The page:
Re: Forcing a lefty to play tighty - thoughts?
hah! just to drag this one back up....
When I'm teaching I also encourage beginners to learn right handed, and as also mentioned on a previous post, I always use the piano reference too... try buying a left hooker joanna! but I never force it and if they end up feeling more comfortable as a lefty, then so be it! If they want a Jem when they're shredding, they can still go and buy one.... and just do a Jimi!
I used to have a lefthooker to hand when I was teaching regularly and it served two purposes. 1) it was a good moral booster to the student when they see me trying to do what I'm teaching them on a lefty, and rather humbling to one's self too. and 2) you can half come up with some very cool sounding chords on a lefty played righty upside-down that wouldn't be achievable on a right handed, and vice versa. This was shown to me years ago by a former work colleague and bassist, Lee Pomeroy, (google him!) who not only is left handed, but plays upside-down too (there's a few of them out there) and used to come up with all these chords with amazing voicing due to open strings that would normally be muted and stretches that if not impossible, are very painful when played conventionally.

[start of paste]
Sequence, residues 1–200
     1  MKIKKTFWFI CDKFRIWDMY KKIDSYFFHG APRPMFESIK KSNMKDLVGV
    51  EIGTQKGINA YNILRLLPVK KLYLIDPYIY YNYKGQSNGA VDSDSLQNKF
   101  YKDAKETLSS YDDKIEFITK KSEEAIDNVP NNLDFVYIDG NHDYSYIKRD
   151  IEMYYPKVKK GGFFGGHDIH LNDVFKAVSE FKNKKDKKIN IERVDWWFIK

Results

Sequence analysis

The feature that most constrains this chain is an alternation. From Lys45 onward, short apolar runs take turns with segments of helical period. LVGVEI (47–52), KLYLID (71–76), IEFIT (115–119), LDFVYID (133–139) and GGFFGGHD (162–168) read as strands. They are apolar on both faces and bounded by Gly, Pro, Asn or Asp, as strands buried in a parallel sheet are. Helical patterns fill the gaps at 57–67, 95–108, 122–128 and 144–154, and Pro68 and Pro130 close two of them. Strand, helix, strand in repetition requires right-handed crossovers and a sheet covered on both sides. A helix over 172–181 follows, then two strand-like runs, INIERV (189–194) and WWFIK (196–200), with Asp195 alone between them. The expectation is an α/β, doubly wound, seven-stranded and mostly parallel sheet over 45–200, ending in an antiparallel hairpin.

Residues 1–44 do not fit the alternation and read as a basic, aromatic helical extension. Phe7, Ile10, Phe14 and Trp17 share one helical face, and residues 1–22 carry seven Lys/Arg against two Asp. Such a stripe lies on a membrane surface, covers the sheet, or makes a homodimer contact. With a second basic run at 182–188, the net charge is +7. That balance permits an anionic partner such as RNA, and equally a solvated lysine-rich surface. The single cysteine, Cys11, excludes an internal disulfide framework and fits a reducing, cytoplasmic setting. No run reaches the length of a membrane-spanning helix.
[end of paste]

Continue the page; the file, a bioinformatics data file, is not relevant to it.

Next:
Try this one out: -
take your righty (or lefty) and turn it the other way so you're playing opposite (comfortable? *big grin*)
now bar your new fretting index at the 2nd fret on the bottom E, A, D & G (leaving B & top E open)
then middle finger on A-string at Fret-4 and the pinky finger a 5th up on D-string Fret-6.
This is basically a F#m11 but sounds lovely. Now go and flex your fingers and wrists and find the ONE way you can do this as a static chord playing your normal way. Be prepared to look like you're in a wrist lock being busted!
By the way, my mother is ambidextrous and can write left handed, swap hands, pickup the telephone (umm because she only likes using her left ear....) and continue writing right handed while talking.... but she is a nutter....